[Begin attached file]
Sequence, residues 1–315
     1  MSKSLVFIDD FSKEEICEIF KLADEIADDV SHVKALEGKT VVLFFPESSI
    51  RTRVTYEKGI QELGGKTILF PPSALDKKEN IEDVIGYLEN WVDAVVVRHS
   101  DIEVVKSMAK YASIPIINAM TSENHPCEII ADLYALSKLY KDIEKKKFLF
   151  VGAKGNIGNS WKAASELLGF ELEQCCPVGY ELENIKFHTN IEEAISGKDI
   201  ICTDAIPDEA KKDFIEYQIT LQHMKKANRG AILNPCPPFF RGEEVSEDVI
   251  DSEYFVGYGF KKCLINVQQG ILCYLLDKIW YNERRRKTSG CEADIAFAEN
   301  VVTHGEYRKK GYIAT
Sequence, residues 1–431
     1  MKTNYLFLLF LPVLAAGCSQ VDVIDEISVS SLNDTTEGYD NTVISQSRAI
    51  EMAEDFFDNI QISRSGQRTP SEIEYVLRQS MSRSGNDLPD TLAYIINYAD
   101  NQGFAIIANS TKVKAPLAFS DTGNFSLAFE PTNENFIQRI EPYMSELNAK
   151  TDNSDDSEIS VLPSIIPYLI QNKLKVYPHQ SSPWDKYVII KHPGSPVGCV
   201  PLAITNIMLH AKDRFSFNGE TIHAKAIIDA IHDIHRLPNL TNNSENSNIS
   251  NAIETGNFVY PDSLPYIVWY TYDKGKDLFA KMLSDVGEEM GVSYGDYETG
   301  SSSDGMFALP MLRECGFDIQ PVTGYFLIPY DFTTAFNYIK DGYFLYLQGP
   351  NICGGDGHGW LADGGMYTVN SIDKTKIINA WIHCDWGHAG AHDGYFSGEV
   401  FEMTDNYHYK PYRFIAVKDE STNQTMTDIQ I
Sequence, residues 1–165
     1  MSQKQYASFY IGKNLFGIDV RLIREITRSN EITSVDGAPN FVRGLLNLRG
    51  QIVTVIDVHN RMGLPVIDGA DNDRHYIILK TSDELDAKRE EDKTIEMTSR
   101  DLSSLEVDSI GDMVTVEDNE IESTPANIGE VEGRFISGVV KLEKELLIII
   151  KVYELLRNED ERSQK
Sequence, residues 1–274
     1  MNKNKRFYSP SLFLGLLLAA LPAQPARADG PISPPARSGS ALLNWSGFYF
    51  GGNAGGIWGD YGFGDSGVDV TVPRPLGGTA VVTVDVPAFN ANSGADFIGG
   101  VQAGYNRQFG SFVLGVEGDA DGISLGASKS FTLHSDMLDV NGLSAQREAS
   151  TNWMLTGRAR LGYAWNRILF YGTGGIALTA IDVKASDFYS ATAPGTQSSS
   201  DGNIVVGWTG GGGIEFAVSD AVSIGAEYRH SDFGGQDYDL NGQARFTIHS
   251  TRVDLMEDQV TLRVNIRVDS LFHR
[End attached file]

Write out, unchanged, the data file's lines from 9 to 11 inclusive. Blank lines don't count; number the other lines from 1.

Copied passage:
Sequence, residues 1–431
     1  MKTNYLFLLF LPVLAAGCSQ VDVIDEISVS SLNDTTEGYD NTVISQSRAI
    51  EMAEDFFDNI QISRSGQRTP SEIEYVLRQS MSRSGNDLPD TLAYIINYAD